Margaret Thatcher in a Challenger tank during manoeuvres at NATO training ground near Falling Boste in 1986. Photograph: Getty Images.
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Can Labour learn from Thatcher and turn the wheel of history?

To overthrow the neoliberal settlement, the party must emulate the radicalism of the Conservative prime minister.

Thirty years on from the miners’ strike, it is often said that Margaret Thatcher was motivated by seeking revenge for the electoral defeat which the Conservatives suffered in the 1970s in the midst of another strike. But the story of the 1984-5 pit closure programme was more than political spite. It wasn't for backward-looking reasons that the Tories put the mining communities through a year of hell. Instead, she had a political project to change the face of Britain forever. But in order to force this change on the country it was necessary to do lasting damage to the forces which were ranged against her. And the miners were precisely one such force.

There are moments in a country’s life when the existing political and economic arrangements are no longer sustainable. One such moment was in 1945 when the troops came home from the war and elected a Labour government which put into place a new settlement that lasted until the election of Thatcher and the defeat of the miners. The post-war settlement had run its course.

I was an activist at the time and wanted Labour to move the wheel of history in a progressive way and build a democratic socialist society. But the party was physically and mentally exhausted. And so the country’s social and economic structures were moved to the right.

The key turning point surely was the assault on coalfield communities. We can learn lessons about how the Conservative Party acted at that time; they were ruthless in the execution of their plan. They were prepared to use any means necessary. The Tories manipulated the benefits system to use the starvation of miners’ families as a political tool. They interfered in the criminal justice system to mete out punishment where it sometimes felt that to be a striking miner was in effect to be criminalised. They damaged the integrity of the police - particularly the Met – who were used as a force to achieve political objectives. We know that the most senior mandarins in the civil service, the nation’s legal advisors and even the security agencies were used.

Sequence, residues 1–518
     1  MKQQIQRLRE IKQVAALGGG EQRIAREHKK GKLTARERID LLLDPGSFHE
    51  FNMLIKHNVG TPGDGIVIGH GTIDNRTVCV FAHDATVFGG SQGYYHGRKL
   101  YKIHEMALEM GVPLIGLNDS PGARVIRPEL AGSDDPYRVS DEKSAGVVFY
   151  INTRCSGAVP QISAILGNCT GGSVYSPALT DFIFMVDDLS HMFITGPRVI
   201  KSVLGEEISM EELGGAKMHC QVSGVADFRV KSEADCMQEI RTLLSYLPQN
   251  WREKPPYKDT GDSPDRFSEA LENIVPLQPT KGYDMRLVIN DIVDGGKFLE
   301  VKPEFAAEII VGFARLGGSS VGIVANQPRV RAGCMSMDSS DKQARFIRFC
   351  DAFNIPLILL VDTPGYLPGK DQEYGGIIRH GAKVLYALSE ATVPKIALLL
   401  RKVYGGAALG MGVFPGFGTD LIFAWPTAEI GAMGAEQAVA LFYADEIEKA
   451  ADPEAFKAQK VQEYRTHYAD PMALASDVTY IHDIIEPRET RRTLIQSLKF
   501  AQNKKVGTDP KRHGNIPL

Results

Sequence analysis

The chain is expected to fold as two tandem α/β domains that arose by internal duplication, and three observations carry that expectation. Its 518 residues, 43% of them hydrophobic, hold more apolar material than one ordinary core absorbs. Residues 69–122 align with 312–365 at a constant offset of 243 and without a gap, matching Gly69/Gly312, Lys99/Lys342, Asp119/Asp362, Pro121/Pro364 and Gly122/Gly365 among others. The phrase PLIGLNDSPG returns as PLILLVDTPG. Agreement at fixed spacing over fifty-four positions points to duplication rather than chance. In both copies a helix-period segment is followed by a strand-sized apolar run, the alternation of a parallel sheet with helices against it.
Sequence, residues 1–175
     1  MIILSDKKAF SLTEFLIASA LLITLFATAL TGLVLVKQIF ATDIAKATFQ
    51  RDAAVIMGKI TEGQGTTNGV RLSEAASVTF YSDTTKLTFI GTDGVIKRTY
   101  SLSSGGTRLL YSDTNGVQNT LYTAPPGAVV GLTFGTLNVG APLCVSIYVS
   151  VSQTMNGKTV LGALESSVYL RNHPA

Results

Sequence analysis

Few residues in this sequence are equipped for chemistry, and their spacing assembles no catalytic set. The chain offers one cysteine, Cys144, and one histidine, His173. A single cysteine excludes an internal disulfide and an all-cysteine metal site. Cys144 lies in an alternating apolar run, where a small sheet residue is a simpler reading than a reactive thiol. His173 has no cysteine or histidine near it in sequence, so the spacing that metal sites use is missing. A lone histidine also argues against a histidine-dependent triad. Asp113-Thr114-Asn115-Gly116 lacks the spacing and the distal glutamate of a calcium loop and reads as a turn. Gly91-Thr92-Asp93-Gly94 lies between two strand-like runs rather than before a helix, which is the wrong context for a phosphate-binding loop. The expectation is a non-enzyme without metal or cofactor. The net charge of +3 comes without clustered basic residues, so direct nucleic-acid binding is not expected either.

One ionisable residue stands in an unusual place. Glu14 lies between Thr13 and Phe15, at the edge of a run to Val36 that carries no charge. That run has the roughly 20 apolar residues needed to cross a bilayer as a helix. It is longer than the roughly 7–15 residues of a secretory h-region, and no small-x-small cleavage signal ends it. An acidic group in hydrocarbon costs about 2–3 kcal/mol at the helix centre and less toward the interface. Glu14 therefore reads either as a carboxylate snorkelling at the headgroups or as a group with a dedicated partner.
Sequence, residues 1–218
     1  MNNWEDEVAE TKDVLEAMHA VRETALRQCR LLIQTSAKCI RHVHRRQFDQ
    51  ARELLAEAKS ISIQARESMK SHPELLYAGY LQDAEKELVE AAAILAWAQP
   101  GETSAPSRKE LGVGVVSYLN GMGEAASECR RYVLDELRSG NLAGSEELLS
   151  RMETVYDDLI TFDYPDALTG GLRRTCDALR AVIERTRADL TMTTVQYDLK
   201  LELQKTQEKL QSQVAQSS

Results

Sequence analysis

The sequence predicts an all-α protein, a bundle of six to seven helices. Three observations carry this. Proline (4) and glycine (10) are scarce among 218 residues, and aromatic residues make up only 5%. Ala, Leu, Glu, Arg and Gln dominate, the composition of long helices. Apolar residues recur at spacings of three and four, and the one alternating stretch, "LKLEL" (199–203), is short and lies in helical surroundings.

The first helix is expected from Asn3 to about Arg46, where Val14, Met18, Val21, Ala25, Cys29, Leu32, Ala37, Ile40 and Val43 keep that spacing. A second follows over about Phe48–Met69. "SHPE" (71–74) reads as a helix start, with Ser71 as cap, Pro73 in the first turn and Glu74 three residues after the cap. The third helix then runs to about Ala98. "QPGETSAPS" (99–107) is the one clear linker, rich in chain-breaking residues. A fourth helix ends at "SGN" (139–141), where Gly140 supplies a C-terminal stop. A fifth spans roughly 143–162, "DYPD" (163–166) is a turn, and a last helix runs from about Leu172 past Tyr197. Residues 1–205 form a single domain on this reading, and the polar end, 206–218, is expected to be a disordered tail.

In a liberal democracy like Britain, there is a myth that the whole state apparatus – especially the police, civil service, army and judicial structures – is meant to be politically and socially neutral. The Tories paid no attention to protecting this neutrality. They lied to the nation about their true intentions. And they did not tell the truth about the true levels of coal stocks and the dangers to the nation’s power supplies. In this way, Thatcherism was secured; an era of market triumphalism, gross inequality, an economy which works for the richest but not for the majority, and where public services are demeaned and downgraded. The wheel of history had turned.

But in 2008, the economic crisis revealed a neo-liberal settlement collapsing under the weight of its own internal contradictions. The crash was brought about by the Thatcherite model of a banking system out of control, unconstrained markets, a weakened state and declining spending power as a result of gross inequality.

I entered 10 Downing Street just after the crash. It is clear to me that without an active government, and the power of the state acting in the general social interest, the whole system might well have collapsed. The Thatcherite settlement faced its moment of greatest peril. As Boris Johnson said in a moment of great candour and using precisely the language of history’s turning points: "We all waited for the paradigm shift, after the crash of 2008. The left was ushered centre stage, and missed their cue; political history reached a turning point, and failed to turn. Almost a quarter of a century after the ... transformation that Mrs Thatcher did so much to bring about – there has been no intellectual revival of her foes..."

Boris pretends that the country faces a choice between 1970s leftism and Thatcherism. The Tories chose the latter. And so the Conservatives and their Lib Dem colleagues in government have set about using state apparatus for their own political means, much like Mrs Thatcher had done in the miners’ strike. But David Cameron is not turning the wheel of history. Instead, the state is being used to preserve the Thatcherite settlement.

The coalition parties simply want to see an intensification of all that was wrong with the Thatcher era. Increased inequality, a divided society, fragmented communities, a rampant individualistic ethic, banking untouched, our economic structures unbalanced and sometimes uncompetitive, unconstrained markets, food banks, and a weakened public sector.